We finished kindergarten on a Sunday this year with one last field trip: a celebratory family outing to the zoo, complete with a commemorative smashed penny. The machine we visited offered a selection of four pictures for your penny-smashing pleasure. Audrey chose a dolphin. Jason set the levers to point to "dolphin" and Audrey wound the gears. Her flattened penny clanked into the dispenser. She pulled it out to admire the machine's handiwork and found herself face-to-face with a walrus. I found a new penny. Jason put it, with fifty cents, into the dispenser. He set the dials. Audrey cranked the machine. Her penny clanked. It was a walrus. It just goes to show you: sometimes, you think you're going after a dolphin, but you end up in possession of a walrus. Kindergarten: it's not all about reading and arithmetic.
Here are a few other things kindergarten was about this year (or at least, a few of our most memorable moments):
When I asked Audrey what her favorite thing about homeschool was this year, she said, "I like trying to impress you with my handwriting. I like trying to make you proud." She succeeded in her endeavor, but when I look back to what she enjoyed most about school I'm reminded of introducing her to archaeology. We studied Ancient History this year and began the year with a discussion of why we know what we do about history. We attended a homeschool class led by an archaeologist at The Children's Museum. Then, we conducted a little "archaeological dig" of our own - in our backyard.
We spent the first half of the year studying animals for Science. One of our favorite weeks was spent studying bats (including experiments on sonar, a toothpick-and-construction paper diagram of a bat, and bat crafts). The picture above shows Audrey building a bat box at a local Parks and Rec event that week.
The picture above was taken at Ruby Falls. Two things: 1) This field trip really didn't have much to do with what we studied in kindergarten, since we'll cover Earth Science next year. 2) It's highly likely that this field trip will stay fresher in my mind than Audrey's, as I will always remember it as the day Jason grabbed Nathan before he finished scaling the railings of a lookout point atop a cliff. When I look at that picture, I see a lightening bolt and my heart begins those tap dancing palpitations that signal cardiac arrest could be in my future. 3) Not all the things you learn in kindergarten are fun facts, such as bats can eat up to 600 mosquitoes an hour. Some are more terrifying and practical in nature, like learning first-hand why Eddie Bauer makes monkey-themed leashes for children. 4) Sometimes, your teacher tells you she's going to teach you two things. Then she sneaks in two extras. (P.s. Audrey loved the field trip. She spent the tour at the front of the line, holding hands with the geologist and asking her questions. The rest of us heard several laughs from up front waft to the middle of the pack where we walked. Later, our tour guide informed us that Audrey was assisting her in keeping things light by adding helpful comments like, "I'm glad I'm not as big as some of the people down here" when we had to squeeze through a section of the cave dubbed "Weight Watcher's Pass.")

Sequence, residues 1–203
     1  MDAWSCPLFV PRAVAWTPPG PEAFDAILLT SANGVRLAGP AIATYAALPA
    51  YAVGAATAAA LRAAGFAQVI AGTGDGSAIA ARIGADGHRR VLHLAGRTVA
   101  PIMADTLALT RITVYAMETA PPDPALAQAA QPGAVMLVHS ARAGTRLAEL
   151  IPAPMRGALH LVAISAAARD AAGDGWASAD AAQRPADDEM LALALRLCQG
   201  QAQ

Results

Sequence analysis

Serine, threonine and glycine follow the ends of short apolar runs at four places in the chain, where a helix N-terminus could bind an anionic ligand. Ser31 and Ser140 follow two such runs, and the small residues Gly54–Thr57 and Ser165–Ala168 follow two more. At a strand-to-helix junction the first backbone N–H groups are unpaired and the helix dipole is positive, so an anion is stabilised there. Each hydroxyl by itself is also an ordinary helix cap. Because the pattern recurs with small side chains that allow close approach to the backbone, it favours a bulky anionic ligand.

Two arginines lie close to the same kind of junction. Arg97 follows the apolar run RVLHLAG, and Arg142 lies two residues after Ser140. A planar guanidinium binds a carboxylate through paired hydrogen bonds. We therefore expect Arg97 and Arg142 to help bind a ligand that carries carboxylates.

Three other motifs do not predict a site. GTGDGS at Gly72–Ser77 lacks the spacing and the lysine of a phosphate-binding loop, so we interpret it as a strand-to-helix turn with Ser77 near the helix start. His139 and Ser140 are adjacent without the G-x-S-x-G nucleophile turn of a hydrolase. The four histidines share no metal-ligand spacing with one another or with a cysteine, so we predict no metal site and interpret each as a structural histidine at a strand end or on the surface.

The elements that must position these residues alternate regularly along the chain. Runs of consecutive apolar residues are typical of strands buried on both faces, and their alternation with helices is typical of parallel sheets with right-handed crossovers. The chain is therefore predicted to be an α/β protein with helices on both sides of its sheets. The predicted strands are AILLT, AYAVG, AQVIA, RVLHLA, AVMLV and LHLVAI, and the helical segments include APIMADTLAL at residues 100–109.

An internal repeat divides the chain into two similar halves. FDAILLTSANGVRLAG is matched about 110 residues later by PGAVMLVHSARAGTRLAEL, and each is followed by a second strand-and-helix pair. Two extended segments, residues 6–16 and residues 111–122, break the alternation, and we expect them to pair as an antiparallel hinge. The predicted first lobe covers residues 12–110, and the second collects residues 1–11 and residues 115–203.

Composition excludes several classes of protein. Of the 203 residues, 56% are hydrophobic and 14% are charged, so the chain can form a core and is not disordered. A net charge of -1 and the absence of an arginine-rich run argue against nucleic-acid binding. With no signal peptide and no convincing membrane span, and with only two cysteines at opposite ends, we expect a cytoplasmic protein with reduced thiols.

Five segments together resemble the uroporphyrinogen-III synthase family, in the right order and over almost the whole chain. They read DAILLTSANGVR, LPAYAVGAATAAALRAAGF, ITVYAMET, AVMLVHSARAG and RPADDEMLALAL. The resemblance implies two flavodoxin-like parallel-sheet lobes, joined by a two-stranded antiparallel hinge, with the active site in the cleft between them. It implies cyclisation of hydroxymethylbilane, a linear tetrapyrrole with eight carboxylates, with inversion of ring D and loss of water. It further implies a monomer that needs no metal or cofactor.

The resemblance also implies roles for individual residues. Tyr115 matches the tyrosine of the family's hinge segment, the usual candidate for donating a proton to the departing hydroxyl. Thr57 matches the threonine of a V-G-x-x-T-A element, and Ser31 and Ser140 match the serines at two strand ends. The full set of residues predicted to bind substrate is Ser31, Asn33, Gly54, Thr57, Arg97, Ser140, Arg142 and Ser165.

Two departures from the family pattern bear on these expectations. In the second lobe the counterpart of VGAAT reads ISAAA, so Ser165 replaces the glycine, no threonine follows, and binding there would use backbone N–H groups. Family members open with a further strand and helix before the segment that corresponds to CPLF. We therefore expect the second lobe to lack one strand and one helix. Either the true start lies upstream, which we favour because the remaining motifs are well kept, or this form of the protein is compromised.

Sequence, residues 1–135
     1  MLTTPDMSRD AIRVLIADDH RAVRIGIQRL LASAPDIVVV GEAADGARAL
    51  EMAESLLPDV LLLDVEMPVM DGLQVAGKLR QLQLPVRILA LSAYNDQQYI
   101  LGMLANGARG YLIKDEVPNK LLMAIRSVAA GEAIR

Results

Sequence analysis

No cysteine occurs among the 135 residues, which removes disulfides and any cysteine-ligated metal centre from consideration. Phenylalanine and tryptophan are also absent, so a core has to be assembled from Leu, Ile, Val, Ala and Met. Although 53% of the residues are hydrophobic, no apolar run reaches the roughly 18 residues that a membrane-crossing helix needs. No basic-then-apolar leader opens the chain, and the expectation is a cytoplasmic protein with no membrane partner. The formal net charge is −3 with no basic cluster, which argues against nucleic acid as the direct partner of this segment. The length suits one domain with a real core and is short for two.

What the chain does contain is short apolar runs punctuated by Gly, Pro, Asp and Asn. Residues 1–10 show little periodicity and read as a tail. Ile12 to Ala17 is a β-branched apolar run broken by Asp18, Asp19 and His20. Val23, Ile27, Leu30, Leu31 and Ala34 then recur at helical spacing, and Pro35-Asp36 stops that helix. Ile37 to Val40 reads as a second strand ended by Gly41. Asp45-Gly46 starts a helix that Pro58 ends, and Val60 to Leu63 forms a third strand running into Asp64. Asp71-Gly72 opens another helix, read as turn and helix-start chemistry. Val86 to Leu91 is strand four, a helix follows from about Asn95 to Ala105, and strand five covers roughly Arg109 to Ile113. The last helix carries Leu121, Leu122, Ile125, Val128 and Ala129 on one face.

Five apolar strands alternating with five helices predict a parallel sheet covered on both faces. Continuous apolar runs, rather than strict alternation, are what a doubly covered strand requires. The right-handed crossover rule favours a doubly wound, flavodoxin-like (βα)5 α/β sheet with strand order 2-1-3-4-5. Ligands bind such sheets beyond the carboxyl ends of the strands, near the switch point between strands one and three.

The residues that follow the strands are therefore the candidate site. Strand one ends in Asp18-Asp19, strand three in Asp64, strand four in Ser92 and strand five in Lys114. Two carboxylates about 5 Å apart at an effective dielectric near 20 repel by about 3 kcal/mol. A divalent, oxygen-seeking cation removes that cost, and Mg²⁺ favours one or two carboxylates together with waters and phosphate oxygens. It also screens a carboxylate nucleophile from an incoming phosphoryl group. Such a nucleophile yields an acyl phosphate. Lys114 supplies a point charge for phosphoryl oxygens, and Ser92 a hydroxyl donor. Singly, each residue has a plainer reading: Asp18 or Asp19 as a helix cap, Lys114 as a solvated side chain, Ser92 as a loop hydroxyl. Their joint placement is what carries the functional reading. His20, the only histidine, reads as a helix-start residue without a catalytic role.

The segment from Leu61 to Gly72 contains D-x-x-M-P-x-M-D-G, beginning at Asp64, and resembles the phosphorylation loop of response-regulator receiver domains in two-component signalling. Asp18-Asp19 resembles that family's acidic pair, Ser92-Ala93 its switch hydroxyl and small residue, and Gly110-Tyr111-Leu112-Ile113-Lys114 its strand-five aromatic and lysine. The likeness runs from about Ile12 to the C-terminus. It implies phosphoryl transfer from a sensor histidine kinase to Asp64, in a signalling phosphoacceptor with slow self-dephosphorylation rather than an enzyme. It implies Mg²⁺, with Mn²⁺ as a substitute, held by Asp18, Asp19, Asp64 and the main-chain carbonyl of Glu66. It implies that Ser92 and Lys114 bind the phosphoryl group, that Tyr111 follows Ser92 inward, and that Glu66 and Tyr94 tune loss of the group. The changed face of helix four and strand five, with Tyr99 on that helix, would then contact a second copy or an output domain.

We happened to be visiting dear friends in Jacksonville a week after studying alligators and crocodiles, so our families loaded all the kids into two cars and headed to St. Augustine Alligator Farm. We watched the largest alligator at the farm get its afternoon snack of rats. It was a lesson in the food chain, and that high jumpers can come in unlikely packages.
We're technically in our third week of summer. We've settled on a rare day of summer in which our first event on the family calendar takes place at 6 pm. Audrey has spent her morning in the center of a pool of library books, wearing a pair of flowered pajama pants that look like capri pants. The legs hung to her ankles last year. She's stretching out - in every possible way. I don't know what she'll take with her from our kindergarten year. She learned to read and perform simple addition and subtraction. She read about Sumerians and Egyptians and Phoenicians. We attended Parks and Rec programs on Squirrels, Beavers, and Foxes. We performed experiments in the bathtub. We caught a children's opera and a performance of The Nutcracker. We forgot what a clean house looks like and remembered what it felt like to take our history book out to the hammock and spend a day lost at the library. We stretched. We grew. We forgot our manners sometimes. She helped me, and I helped her, get a little closer to who we were intended to be. Kindergarten: 2012-2013.